B.S. in Environmental Engineering
Environmental engineers are responsible for the protection of our natural environment and its inhabitants, including ensuring the distribution of clean and safe drinking water to communities and cities.
Environmental engineers have a wide-range of diverse career opportunities across a number of different industries. Graduates often pursue careers in the mining industry, the manufacturing industry, and oil and gas industry, and the chemical processing industry. Graduates may choose from a multitude of career tracks, such as environmental science and chemistry, hydrology and water resources engineering, water and wastewater treatment, site remediation, humanitarian engineering, and public policy and service.
The curriculum requires 135.4 semester credit hours, which breaks down as follows: 44 credit hours of mathematics and basic sciences, 48 credit hours of engineering topics, and 42.5 credit hours of general education requirements, such as economics, design, and the humanities.
For the first 3 weeks of summer after the junior year, students take an intensive 3-week course called Field Session. In this course, students collect environmental samples in the field, such as soil and water. These samples are then analyzed in the laboratory as a component of real-world environmental engineering project. This signature experience is unique to Mines.
Over the course of the 4-year curriculum, students have the opportunity to be exposed to a number of Environmental Engineering subfields, such as hydrology and water resources engineering, water and wastewater treatment processes, site remediation, chemical fate and transport in the environment, sustainable engineering design, pollution, prevention, and ecology. The curriculum culminates in a 2-semester capstone design course in which students apply their technical knowledge and skills to a real-world design project.
The curriculum requirements may be viewed in detail in the Undergraduate Catalog. The advising flowcharts below provide a quick snapshot of the coursework in the curriculum.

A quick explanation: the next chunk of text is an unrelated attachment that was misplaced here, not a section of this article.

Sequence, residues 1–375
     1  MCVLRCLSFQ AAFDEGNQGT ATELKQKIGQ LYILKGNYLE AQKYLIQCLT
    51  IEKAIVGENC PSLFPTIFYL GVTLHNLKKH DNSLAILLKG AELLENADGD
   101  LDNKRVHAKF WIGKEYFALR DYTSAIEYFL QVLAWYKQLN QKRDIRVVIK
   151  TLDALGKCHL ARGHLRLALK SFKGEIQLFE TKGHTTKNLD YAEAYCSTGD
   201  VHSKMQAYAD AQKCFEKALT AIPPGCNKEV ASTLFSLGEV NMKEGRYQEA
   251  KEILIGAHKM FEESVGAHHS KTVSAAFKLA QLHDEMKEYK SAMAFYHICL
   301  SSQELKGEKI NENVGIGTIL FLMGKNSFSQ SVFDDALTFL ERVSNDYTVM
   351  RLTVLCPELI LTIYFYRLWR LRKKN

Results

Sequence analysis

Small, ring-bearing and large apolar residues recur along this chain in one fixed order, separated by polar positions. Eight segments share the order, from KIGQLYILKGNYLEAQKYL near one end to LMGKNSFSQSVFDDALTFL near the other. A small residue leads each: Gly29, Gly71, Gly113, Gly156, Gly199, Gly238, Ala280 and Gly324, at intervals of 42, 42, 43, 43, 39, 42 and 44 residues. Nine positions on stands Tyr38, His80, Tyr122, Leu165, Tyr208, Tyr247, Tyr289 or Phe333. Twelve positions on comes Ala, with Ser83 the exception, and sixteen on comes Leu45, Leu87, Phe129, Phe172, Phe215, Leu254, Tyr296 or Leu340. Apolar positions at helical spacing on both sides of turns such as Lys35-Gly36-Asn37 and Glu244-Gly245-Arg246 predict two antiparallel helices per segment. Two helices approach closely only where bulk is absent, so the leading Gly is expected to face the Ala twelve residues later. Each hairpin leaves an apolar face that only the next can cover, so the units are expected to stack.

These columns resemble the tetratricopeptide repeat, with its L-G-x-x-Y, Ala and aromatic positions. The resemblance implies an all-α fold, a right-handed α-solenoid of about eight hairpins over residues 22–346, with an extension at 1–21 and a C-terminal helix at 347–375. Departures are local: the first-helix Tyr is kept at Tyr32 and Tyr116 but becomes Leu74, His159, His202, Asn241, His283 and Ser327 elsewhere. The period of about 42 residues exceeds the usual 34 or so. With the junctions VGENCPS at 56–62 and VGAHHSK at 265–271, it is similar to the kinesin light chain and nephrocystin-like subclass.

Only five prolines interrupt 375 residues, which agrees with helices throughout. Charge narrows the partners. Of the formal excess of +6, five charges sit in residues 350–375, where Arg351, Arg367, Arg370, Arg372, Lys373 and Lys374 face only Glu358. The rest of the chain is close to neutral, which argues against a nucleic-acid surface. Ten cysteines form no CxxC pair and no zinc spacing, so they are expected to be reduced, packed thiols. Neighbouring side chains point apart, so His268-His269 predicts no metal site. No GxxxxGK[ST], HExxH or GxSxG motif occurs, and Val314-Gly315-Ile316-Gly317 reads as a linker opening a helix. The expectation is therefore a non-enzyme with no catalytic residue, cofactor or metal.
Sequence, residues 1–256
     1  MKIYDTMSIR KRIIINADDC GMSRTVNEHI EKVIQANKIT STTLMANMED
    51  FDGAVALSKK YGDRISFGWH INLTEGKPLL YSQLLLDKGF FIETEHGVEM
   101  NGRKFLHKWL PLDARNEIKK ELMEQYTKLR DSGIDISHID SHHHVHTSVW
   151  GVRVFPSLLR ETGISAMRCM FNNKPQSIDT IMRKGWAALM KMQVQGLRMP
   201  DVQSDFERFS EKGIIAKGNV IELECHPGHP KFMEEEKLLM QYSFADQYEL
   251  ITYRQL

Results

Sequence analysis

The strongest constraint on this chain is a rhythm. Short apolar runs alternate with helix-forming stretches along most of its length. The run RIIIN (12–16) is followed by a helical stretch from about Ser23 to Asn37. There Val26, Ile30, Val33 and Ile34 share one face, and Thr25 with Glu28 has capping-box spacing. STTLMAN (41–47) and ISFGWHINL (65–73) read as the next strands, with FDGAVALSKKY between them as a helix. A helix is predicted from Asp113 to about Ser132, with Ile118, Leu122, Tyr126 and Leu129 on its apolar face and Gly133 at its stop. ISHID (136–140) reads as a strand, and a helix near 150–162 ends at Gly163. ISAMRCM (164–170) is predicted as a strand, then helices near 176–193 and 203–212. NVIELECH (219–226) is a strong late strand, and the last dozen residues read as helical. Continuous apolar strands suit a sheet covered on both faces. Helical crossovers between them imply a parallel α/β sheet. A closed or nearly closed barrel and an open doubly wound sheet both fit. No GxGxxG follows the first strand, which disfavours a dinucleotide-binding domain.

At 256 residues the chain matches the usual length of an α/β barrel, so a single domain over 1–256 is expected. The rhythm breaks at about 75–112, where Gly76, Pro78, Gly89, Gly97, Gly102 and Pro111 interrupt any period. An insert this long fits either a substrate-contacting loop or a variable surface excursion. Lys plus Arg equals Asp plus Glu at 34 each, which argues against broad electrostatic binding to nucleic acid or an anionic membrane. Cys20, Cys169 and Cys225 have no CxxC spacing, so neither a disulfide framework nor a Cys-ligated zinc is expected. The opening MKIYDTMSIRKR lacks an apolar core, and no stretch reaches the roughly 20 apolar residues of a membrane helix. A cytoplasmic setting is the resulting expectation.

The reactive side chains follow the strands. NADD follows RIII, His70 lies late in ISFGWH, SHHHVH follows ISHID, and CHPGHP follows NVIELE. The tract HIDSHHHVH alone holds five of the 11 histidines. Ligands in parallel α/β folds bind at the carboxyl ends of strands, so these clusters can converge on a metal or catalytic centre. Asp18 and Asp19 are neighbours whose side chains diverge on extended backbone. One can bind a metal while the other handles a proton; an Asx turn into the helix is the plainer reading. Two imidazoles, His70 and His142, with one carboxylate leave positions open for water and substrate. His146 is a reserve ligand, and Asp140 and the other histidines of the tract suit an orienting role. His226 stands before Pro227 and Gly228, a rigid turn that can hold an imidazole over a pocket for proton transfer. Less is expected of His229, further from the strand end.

Coming soon! Contact Undergraduate Program Administrator Jaime Bachmeier at firstname.lastname@example.org for details.
Combined Degree Program
Students can earn the Master of Science in Civil and Environmental Engineering with as little as one additional year of study after their undergraduate degree at Mines. For further information on this opportunity, contact Graduate Program Manager Tim VanHaverbeke at email@example.com.
Set Up a Visit
Current Mines students interested in the Environmental Engineering program are welcome to visit with Jaime Bachmeier, the undergraduate program administrator, in Chauvenet Hall, Room 147.
Prospective students are encouraged to attend Preview Mines (Fall Semester) and Discover Mines (Spring Semester), or set up an individual appointment with Jaime Bachmeier at firstname.lastname@example.org.
The program leading to the degree Bachelor of Science in Environmental Engineering is accredited by the Engineering Accreditation Commission of ABET, http://www.abet.org.
The Program Educational Objectives are:
- Graduates will be engaged in professional activities that address complex societal challenges.
- Graduates will be successfully employed in engineering, science, or other impactful careers.
- Graduates will be critical and creative innovators, motivators, and leaders.
- Graduates will engage in continual learning by pursuing additional educational opportunities such as graduate coursework and degrees, professional conferences and training, and participation in professional societies.
- Graduates will attain professional registration or other appropriate certifications.
The Student Outcomes are:
(a) an ability to apply knowledge of mathematics, science, and engineering; (b) an ability to design and conduct experiments, as well as to analyze and interpret data; (c) an ability to design a system, component, or process to meet desired needs within realistic constraints such as economic, environmental, social, political, ethical, health and safety, manufacturability, and sustainability; (d) an ability to function on multidisciplinary teams; (e) an ability to identify, formulate, and solve engineering problems; (f) an understanding of professional and ethical responsibility; (g) an ability to communicate effectively; (h) the broad education necessary to understand the impact of engineering solutions in a global, economic, environmental, and societal context; (i) a recognition of the need for, and an ability to engage in life-long learning; (j) a knowledge of contemporary issues; and (k) an ability to use the techniques, skills, and modern engineering tools necessary for engineering practice.
The enrollment and graduation data for the Environmental Engineering program and other Mines programs can be found on the homepage of the Office of Institutional Research.